Having won the choice of the next quest, the overlord player selects Masquerade Ball, which he also wins. He then chooses A Fat Goblin, but this time the heroes win. The heroes then agree that the third Act I quest should be Death on the Wing. They win it. Since three Act I quests have been completed, it’s time for the Interlude, and since the heroes won the majority of the Act I quests, the Interlude will be The Shadow Vault.
If the overlord wins the Interlude, he will be free to select any "unlocked" Act II quest. Remember: his options will be limited based on who won certain Act I quests, and any Act I quest not attempted is treated as though the overlord won.
This, of course, brings us to Act II. Beneath each Act I quest on the Campaign sheet, you’ll notice two possible Act II quests. These quests become available only after the Interlude, and only depending on who won their Act I counterparts. For example, if the overlord won Masquerade Ball in Act I, Blood of Heroes is essentially blocked from the game (cutting off the possibility of retrieving its potentially useful reward). This system ensures that even though Second Edition offers twenty possible quests, only a portion of them will be played over the course of a campaign, and rarely in the same order.
Layers Within Layers
Even within a given quest, success or failure can have game-altering effects. What’s more, success is defined differently depending on the quest being played; victory conditions for both sides are dictated by the special rules of each quest. The overlord, therefore, may need to complete any number of objectives to win, from collecting bales of crops to guiding a lieutenant off the map...and a variety of others.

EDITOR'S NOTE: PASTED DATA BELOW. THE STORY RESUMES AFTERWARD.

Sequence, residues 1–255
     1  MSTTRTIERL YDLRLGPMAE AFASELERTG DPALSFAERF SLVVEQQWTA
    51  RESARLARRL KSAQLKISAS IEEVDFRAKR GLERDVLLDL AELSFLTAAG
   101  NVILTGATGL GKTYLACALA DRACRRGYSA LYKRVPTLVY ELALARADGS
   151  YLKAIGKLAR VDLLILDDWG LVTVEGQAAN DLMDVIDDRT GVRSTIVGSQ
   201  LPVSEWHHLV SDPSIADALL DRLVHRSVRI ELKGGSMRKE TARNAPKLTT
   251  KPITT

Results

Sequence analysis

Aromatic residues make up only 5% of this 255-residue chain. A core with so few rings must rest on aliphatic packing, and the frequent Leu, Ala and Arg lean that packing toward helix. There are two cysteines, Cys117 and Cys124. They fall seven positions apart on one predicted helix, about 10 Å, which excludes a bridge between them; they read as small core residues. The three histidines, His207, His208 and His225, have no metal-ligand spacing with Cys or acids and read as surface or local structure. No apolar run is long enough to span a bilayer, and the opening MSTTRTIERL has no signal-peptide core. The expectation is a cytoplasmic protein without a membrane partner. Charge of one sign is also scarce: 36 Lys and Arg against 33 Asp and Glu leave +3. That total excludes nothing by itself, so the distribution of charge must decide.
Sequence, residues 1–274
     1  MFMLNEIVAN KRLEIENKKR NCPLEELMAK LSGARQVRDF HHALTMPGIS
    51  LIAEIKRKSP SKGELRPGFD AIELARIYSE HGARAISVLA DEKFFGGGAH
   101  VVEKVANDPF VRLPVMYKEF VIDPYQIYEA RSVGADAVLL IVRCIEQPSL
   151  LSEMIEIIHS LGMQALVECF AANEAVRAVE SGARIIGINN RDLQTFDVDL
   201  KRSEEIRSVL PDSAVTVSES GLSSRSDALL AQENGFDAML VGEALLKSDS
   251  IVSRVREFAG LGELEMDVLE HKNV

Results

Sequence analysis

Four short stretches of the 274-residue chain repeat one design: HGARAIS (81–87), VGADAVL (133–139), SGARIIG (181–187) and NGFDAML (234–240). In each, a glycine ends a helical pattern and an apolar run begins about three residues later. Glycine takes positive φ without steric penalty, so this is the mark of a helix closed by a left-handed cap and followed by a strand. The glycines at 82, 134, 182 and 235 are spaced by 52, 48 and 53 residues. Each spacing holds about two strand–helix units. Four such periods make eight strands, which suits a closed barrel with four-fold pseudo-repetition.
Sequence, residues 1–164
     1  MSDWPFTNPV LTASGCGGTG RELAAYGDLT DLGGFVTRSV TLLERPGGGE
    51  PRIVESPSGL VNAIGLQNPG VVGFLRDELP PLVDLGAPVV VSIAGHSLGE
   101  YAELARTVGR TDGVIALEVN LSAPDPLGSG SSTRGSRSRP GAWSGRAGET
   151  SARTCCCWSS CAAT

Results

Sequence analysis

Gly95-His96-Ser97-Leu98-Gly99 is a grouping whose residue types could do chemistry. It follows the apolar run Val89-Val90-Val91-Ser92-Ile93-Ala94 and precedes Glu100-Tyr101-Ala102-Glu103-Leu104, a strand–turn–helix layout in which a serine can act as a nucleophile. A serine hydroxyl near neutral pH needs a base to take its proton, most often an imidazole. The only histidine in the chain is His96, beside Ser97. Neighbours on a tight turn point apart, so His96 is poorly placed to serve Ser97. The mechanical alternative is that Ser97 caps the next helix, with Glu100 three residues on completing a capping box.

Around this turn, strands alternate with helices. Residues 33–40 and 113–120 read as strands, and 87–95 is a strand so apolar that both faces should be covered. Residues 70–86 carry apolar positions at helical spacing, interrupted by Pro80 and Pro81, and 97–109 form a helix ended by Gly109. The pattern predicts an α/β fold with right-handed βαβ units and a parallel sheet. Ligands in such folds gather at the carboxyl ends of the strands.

A few weeks ago, for example, we looked at an excerpt from the first encounter of A Fat Goblin. This Act I quest pits players against Splig, the self-styled King of All Goblins and one of the overlord’s many lieutenants.
In the first encounter of this quest (seen below), the heroes must prevent a raiding party of goblins from stealing crops (represented by objective tokens) and taking them through the map’s exit. The heroes do this by gathering the crops themselves and storing them safely in one of two spaces adjacent to the farm. Of course, the goblins will have something to say about this; they’re under orders to bring Splig his next feast.
The outcome of this first encounter of A Fat Goblin directly affects the rules of its second encounter. Did the goblins escape with most, or all, of the crops? While there is no immediate penalty to the heroes or reward for the overlord, a well-fed Splig makes for a more formidable adversary in the second encounter.

The second encounter from A Fat Goblin
In the dungeon-themed conclusion to A Fat Goblin, Splig’s minions must guide imprisoned farmers from their cell to a nearby torture chamber, where Splig himself can interrogate them to find out which one is a disguised knight named Frederick. Can the heroes defeat Splig before he interrogates, then absconds with, the right farmer?
With Second Edition's many possible plot branches and a narrative that shifts based on success and failure, players can enjoy its campaign multiple times without experiencing it the same way twice. Keep checking back for more, and look for Descent: Journeys in the Dark Second Edition on store shelves this summer!

Above, an excerpt from the second encounter of
A Fat Goblin, which shows the
persistent effects from the first encounter, as well as the victory conditions for
both the heroes and the overlord. Click to enlarge.
Want to be among the first to play? Join us for Realms of Terrinoth 2012, or encourage your local retailer to host a Second Edition Preview Event!